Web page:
I also remember with my last child stubbornly feeding him at communion time at church for all sorts of complicated reasons that fit into my theology of sacrament and belonging (as a baptised Christian I felt it was his right to also have Eucharist in a form suitable for him). Some people questioned this practice and being the sometimes dramatic/activist person I am I said I would not have communion if I wasn’t allowed to breastfeed but because nearly everyone there was encouraging or maybe neutral toward the issue there was no real battle.

    I was the oldest of seven and I remember Mum breastfeeding. We all sensed it was special and gathered around her (poor Mum) with a million questions and bids for attention and begging to have some. t least once she squirted us which made us laugh and try to get her to do it again. She explained we had all had the milk when we were little and being a dentist she told us how important breast-milk was for healthy teeth development. Despite my super-mum who breastfed all the time I was really, really bad at it but persisted to some degree. My second husband (father of the youngest) was a photographer and we had some idea to take a picture of the baby breastfeeding and make a poster referencing psalm 90 ” since he clings to me in love I will free him/protect him for he knows my name/when he calls I shall answer I am with you/ I will save him in distress and give him glory” Because who clings more (and more appropriately) than a breastfeeding baby?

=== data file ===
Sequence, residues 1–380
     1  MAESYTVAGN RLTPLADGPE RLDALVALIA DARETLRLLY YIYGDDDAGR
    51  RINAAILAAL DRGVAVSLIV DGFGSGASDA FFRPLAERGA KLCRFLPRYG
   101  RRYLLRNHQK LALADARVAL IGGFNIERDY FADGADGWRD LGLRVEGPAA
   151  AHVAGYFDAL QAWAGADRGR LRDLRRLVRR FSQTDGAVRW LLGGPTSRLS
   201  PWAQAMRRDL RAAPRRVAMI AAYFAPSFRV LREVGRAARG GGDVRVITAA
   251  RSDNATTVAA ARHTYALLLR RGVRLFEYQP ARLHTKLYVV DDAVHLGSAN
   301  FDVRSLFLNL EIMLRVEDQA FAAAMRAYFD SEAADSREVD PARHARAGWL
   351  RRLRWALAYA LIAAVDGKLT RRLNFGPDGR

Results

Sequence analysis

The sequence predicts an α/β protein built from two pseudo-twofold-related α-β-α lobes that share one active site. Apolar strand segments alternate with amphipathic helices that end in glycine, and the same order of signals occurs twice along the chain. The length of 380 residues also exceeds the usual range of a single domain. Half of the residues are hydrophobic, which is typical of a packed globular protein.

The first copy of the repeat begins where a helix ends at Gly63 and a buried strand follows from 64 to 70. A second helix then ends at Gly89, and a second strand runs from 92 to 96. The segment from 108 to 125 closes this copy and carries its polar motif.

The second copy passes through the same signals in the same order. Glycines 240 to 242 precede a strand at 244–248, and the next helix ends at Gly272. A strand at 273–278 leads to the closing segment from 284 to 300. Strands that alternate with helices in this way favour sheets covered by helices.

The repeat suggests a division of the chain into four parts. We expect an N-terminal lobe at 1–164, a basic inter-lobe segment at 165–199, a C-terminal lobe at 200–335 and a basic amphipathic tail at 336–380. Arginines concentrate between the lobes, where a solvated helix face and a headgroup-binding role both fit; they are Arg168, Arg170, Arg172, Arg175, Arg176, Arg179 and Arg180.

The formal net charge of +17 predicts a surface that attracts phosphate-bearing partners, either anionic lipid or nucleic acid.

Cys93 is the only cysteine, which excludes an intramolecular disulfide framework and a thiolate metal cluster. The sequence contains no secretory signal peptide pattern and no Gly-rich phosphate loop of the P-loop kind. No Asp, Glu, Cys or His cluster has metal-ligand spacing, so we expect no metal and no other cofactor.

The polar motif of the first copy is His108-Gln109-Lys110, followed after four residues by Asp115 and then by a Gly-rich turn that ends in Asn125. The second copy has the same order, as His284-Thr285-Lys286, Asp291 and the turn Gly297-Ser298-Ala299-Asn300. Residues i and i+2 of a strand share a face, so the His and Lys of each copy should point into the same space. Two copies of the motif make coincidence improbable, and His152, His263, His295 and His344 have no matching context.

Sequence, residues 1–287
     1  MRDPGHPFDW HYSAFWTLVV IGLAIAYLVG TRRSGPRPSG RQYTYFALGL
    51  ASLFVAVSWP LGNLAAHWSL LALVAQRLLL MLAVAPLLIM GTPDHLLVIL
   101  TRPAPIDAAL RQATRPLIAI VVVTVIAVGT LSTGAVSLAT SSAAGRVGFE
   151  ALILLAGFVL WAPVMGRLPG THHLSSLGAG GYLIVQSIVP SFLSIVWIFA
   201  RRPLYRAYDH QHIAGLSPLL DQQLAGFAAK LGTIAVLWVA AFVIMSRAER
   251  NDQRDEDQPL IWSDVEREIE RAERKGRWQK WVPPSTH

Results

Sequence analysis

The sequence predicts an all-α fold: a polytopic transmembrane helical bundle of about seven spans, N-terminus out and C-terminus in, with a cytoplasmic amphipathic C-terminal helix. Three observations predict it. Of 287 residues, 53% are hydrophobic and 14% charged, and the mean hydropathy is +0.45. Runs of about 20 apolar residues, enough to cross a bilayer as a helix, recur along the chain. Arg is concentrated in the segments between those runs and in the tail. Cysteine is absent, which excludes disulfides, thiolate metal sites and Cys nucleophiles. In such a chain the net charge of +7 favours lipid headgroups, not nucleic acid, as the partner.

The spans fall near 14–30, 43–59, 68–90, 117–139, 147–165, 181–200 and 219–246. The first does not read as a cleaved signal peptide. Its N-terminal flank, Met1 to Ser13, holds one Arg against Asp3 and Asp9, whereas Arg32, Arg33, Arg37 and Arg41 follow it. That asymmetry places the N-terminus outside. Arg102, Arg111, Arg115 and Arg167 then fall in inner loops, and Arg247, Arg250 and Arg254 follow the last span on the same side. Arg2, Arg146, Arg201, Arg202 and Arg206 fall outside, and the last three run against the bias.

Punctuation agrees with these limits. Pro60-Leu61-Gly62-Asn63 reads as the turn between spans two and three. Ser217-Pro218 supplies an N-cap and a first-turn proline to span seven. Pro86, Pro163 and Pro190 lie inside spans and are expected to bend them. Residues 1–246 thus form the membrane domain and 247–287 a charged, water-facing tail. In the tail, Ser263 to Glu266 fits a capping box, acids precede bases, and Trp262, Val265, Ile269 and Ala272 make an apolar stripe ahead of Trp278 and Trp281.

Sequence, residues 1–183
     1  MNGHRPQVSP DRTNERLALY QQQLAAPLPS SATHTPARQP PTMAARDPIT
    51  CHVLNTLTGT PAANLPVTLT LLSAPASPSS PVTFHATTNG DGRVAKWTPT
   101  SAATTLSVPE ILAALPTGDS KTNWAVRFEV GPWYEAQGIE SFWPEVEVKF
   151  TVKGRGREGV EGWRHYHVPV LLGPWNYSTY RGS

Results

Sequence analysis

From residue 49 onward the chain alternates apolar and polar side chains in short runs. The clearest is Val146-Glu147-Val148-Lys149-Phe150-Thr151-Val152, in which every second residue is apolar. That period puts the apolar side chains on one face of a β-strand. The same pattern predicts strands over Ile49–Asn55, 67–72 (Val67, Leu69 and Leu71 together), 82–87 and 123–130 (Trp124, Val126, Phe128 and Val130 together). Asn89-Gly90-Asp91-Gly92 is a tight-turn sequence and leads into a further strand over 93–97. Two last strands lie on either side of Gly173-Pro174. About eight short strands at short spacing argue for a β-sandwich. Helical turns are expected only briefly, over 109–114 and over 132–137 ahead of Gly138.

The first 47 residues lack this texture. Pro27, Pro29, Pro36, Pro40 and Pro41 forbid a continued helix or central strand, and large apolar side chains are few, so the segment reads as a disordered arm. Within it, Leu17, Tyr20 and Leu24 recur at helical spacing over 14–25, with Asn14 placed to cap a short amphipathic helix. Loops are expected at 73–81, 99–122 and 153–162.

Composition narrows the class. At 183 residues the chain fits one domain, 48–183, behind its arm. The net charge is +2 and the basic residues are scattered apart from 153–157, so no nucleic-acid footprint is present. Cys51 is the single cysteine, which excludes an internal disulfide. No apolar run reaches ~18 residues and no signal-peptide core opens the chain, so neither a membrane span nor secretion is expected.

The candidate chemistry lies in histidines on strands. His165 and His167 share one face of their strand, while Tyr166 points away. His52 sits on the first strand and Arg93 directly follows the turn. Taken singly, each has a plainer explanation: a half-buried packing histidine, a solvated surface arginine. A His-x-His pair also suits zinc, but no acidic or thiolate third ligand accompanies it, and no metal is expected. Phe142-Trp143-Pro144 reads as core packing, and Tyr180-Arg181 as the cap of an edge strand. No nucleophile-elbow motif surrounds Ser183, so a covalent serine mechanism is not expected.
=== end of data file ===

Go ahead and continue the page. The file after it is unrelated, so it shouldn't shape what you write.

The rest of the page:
Anyway thanks for your thought-provoking blog. I do appreciate being able to read and reflect and respond to these sorts of things.

  2. Pingback: Sorrynotsorry; taking back misguided penitence | shecallsme